Marya L.O. Shegog, MPH, CHES1, Christopher Larose, MA1, Melva V. Thompson-Robinson, DrPH2, Donna L. Richter, EdD, FAAHB3, Denethia B. Sellers, PhD4, and Vanisha L. Brown, MPH5. (1) Arnold School of Public Health, University of South Carolina, 800 Sumter St., Columbia, SC 29208, 803-777-6256, email@example.com, (2) Department of Health Promotion, University of Nevada Las Vegas, 4505 Maryland Parkway, Box 453050, Las Vegas, NV 89154-3050, (3) Dean, Arnold School of Public Health, University of South Carolina, 800 Sumter Street, Columbia, SC 29208, (4) Department of Health, Physical Education, and Recreation, Florida A&M University, 206 Gaither Office Complex, Tallahassee, FL 32307, (5) Department of Epidemiology, University of Pittsburgh, 130 DeSoto St, Room 513, Parran Hall, Pittsburgh, PA 15261
Acknowledgements: This project was funded by the Centers for Disease Control and Prevention (Grant Number) U36/CCU300430-20).
In order to increase the cultural relevance of HIV prevention programs in African American communities, an examination of the language surrounding sex and sexual acts serves to give unique insight into the community's perceptions and beliefs about intimacy and sexuality. This research into sexual terminology explores a variety of factors, including frequency of use, collocation, social context (including characteristics of the interlocutors) and semantic groupings.
Methods: Twenty-two focus groups were conducted with African American women and men ages 18-55 in urban and rural areas in the southeastern United States. The semi-structured discussions concentrated on the perceptions of HIV and partner risk. Each of the discussions was audio-taped, professionally transcribed and analyzed, identifying emerging and recurring themes using NVivo 2.1. Sexual terminology was identified, coded and further analyzed for linguistic value and meaning.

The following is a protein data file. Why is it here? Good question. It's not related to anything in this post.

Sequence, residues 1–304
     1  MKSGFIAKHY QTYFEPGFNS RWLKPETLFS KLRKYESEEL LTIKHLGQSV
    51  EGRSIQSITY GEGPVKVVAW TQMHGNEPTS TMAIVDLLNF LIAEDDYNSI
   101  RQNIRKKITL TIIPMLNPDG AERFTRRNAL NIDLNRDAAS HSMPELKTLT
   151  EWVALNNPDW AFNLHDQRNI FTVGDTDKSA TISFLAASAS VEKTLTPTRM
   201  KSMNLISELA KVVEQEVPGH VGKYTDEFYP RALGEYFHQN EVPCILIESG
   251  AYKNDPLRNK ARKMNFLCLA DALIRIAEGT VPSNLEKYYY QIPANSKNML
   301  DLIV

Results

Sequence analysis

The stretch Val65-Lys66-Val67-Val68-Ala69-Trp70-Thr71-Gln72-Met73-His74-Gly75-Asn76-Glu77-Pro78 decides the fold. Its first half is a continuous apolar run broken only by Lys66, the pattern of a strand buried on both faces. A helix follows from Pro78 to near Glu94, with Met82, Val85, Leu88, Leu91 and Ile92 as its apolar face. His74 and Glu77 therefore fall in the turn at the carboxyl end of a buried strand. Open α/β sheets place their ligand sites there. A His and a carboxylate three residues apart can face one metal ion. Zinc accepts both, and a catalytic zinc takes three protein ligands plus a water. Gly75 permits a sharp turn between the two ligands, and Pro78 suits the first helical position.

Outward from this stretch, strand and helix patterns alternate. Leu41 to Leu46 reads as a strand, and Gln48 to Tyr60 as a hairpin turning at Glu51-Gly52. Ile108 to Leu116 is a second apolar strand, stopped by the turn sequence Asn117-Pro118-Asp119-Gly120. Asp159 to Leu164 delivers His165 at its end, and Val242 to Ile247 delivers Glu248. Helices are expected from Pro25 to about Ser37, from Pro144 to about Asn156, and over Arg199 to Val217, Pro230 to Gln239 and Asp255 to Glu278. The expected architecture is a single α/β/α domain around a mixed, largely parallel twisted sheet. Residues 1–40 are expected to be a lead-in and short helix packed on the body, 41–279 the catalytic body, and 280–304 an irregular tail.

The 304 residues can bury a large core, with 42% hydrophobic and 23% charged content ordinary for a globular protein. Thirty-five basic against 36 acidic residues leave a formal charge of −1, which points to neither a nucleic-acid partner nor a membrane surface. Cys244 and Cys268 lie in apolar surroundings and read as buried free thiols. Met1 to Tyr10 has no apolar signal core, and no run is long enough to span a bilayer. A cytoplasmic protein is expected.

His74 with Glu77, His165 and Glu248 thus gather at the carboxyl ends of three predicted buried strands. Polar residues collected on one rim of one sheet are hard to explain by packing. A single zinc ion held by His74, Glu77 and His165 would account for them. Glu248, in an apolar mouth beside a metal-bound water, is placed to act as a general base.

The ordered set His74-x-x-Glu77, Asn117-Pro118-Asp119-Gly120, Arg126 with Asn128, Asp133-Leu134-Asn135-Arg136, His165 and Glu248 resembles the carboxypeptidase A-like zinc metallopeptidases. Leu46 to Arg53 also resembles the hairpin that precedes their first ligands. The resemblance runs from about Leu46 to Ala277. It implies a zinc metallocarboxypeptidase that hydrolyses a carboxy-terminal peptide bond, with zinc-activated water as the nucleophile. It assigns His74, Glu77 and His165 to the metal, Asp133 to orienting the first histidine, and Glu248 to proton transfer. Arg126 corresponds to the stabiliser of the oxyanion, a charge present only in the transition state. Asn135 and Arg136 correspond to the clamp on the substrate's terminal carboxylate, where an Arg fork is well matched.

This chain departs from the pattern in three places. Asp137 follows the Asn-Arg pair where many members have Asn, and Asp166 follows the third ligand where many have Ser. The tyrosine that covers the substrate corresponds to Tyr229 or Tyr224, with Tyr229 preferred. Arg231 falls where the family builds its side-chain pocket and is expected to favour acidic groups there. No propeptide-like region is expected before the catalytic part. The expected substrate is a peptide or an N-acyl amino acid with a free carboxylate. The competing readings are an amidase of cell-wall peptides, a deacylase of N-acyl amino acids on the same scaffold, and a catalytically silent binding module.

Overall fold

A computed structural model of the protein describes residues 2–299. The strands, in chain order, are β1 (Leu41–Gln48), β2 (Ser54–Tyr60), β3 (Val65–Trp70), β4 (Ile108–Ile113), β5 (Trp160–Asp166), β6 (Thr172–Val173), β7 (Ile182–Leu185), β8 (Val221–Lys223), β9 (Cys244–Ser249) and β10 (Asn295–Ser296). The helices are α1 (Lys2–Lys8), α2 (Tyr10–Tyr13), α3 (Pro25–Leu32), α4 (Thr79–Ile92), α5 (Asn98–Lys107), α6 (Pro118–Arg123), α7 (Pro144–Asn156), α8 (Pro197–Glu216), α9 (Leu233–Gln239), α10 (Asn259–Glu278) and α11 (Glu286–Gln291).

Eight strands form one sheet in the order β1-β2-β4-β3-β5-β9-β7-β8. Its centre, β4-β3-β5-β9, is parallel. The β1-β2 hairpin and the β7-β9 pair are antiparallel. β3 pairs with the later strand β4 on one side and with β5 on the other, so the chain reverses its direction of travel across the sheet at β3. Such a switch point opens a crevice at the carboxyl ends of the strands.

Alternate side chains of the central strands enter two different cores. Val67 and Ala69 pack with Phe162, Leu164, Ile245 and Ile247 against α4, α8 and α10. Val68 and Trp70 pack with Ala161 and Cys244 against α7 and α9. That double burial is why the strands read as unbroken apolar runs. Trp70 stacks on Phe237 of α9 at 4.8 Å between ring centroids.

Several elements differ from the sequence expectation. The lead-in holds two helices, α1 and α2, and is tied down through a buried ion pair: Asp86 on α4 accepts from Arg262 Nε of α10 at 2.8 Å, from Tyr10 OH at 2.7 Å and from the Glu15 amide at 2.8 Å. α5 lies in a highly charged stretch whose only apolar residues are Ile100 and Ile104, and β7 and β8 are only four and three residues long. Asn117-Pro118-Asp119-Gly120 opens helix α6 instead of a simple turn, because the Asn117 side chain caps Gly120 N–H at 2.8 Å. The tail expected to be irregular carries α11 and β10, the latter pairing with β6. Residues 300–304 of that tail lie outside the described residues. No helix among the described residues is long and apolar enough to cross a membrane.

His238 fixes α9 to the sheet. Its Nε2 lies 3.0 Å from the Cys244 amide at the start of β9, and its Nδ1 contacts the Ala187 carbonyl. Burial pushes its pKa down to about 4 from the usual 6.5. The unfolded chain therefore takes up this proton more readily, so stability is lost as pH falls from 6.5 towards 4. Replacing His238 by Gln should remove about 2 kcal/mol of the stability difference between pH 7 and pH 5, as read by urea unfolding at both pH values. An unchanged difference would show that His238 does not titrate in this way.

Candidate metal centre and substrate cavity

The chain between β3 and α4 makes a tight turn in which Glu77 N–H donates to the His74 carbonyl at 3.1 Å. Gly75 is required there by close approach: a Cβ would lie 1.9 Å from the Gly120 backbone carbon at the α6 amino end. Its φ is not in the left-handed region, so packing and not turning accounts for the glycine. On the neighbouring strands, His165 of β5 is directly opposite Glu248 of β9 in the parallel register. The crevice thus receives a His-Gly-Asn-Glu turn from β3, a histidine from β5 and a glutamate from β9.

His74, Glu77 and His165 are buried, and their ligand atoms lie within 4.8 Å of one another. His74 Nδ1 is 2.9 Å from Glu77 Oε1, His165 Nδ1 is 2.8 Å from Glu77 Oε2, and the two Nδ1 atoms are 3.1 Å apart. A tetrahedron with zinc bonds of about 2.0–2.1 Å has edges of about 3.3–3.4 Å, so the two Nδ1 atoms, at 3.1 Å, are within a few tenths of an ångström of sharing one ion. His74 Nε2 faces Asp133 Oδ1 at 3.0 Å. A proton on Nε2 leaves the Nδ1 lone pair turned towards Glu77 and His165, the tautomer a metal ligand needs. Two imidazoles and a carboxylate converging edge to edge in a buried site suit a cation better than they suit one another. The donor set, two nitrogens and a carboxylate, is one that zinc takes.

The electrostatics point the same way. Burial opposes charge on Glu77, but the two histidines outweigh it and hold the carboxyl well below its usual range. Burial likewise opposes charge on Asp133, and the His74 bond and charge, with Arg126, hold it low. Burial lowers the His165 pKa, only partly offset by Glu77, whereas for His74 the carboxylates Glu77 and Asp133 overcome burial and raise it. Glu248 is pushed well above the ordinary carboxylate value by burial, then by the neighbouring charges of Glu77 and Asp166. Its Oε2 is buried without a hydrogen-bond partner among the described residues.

Findings: The study revealed that there is a wide variety of colloquial terminology relating to sex and sexuality. What is clear from the abundance of terms used is that sexuality is viewed as a taboo topic that requires colloquial framing. There are clear distinctions between the terminology typically used by men and women. Terminology used by males tended towards dysphemistic usage whereas female terminology was predominantly euphemistic reflecting gender/power relations within the community. By examining these words, their meaning and the context both insight and understanding is given to public health practitioners that work with this high HV risk community.
Keywords: HIV/AIDS, Communication
Presenting author's disclosure statement:
The 134th Annual Meeting & Exposition (November 4-8, 2006) of APHA